Tsunamis were generated when the PDCs reached the sea. Sanggar was engulfed in a four-metre high tsunami at around 10 pm on 10 April; this tsunami reached Java a couple of hours later with a height of two metres.
Explosions were heard during the night of 10 to 11 April up to 2,600 km away. Locations within a 600km radius suffered darkness for a couple of days and a chilling of the atmosphere while sunlight was blocked.
Seven or more ignimbrite layers were deposited during the second phase of the eruption. Only 2.6 km3 of deposits remain on dry land; the heavier ejecta ended up in the sea and lighter aerosols were scattered round the globe. Pumice rafts up to 5 km wide and trees trunks littered the Flores Sea, providing a hazard for shipping for several months.
Eruptive activity continued intermittently up to August 1819.
Local and global impact of the eruption
Sumbawa was stripped of its vegetation. The death toll in Sumbawa and neighbouring Lombok was in the order of 60,000, 10,000 from the eruption itself with the remainder from disease and famine from polluted water and loss of crops and livestock. Children were sold into slavery in order for them to survive or apparently killed to avoid a slow death from starvation or worse.
The effects were also global. The volcano had lobbed 50 km3 of matter plus gases into the stratosphere. Larger particles fell back to Earth but smaller aerosols hung around for three years causing adverse weather phenomena (e.g. storms), global cooling, failed harvests, famine and disease in much of the northern hemisphere.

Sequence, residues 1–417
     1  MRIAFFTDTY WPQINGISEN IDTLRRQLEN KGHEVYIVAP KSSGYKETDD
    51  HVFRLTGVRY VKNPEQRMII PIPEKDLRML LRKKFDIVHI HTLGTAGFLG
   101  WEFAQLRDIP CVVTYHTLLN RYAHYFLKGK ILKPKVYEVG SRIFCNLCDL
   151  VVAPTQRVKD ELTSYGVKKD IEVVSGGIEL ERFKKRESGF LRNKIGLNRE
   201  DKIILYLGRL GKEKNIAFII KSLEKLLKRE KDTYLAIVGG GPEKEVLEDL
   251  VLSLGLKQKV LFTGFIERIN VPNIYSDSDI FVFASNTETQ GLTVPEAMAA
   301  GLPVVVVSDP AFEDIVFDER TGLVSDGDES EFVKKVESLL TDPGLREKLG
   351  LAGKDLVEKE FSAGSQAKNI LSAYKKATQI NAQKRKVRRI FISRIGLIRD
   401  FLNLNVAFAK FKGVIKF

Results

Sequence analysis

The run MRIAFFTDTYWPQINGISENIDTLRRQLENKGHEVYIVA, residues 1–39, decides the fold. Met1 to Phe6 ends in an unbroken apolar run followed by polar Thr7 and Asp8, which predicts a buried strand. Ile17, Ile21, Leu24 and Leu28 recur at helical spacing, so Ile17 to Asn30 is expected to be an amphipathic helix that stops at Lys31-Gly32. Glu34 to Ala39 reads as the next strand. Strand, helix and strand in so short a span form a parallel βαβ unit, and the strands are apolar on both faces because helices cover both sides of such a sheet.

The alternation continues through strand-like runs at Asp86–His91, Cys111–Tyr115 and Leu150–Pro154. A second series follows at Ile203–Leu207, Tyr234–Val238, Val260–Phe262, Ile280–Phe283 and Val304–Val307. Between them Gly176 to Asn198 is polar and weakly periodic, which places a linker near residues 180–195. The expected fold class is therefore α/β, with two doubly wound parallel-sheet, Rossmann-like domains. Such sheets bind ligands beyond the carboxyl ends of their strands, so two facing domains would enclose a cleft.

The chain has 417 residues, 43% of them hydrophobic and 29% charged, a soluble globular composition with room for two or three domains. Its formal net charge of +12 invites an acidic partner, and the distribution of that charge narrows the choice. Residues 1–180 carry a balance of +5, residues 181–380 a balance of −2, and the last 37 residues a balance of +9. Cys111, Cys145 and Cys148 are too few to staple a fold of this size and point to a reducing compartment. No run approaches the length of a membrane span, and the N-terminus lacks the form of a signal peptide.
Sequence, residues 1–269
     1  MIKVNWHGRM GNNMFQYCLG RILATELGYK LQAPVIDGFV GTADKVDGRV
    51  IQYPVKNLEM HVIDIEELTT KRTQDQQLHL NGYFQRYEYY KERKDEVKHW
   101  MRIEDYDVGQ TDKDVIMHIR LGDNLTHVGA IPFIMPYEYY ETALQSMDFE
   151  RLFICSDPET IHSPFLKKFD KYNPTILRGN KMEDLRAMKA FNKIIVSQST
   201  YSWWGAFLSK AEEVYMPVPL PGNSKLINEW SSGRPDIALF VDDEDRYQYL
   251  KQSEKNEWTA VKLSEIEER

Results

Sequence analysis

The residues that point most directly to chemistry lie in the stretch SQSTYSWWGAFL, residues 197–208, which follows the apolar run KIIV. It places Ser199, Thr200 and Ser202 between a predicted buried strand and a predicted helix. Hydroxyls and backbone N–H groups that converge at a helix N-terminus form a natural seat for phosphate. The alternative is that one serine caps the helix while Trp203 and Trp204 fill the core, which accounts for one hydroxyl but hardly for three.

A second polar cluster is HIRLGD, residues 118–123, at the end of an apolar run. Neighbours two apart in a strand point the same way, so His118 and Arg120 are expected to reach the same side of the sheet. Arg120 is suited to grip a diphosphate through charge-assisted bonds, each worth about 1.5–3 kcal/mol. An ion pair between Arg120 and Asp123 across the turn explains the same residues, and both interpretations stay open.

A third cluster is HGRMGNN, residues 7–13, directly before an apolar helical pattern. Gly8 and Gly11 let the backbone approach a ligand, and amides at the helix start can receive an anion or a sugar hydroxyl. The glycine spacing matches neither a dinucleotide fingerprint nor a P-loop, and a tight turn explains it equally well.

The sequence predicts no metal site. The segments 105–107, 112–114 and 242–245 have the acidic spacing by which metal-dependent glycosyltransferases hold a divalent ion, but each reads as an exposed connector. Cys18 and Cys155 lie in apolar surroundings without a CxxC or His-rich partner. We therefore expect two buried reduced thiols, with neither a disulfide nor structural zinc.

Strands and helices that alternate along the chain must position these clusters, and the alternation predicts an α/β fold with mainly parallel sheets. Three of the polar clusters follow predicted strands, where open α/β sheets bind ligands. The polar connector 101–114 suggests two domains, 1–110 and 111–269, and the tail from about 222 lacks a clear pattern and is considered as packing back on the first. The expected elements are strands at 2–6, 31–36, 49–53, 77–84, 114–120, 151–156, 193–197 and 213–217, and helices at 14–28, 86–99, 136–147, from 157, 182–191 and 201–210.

The global effects were exacerbated, according to ice-core sampling, by another large catastrophic eruption in 1809. The source for the 1809 has yet to be identified; the volcano and eye witnesses may not have survived the eruption. However, the 1809 and 1815 eruptions together caused a little ice age.
Can this happen again?
VEI 7 eruptions are rare. As mentioned earlier, there are currently only eight other contenders in the Holocene. That is not to say they won’t happen again in the future.
My guess is that to get another large event, not only do you need a large magma source and a build-up of pressure but also an element of edifice failure. The largest part of the Tambora eruption in terms of magma output was while the PDCs were in full swing; these occurred as or after the vent eroded. We will see in the accounts of other eruptions, there was some edifice failure.
In the meantime, Mount Tambora and her Indonesian sisters are well-monitored.
The Armchair Volcanologist
6 July 2020 (updated 23/08/2020 & 25/08/2020 to include more potential VEI 7s (the list is getting longer!)
© Copyright remains with the author; all rights reserved, 2020
Sources and Further Reading
“Volcanoes, Earthquakes and Tsunamis”, David A. Rothery, Teach Yourself, 2010.
“Volcanoes”, Second Edition, Peter Francis, Clive Oppenheimer, Oxford University Press, 2004
“Tambora: The Eruption That Changed the World”, Gillen D’Arcy Wood, Princeton University Press, 2014
Mount Tambora – Wikipedia, https://en.wikipedia.org/wiki/Mount_Tambora
Earthquake data from Incorporated Research Institutions for Seismology (IRIS) Earthquake Browser: http://ds.iris.edu/ieb
Plot by the author.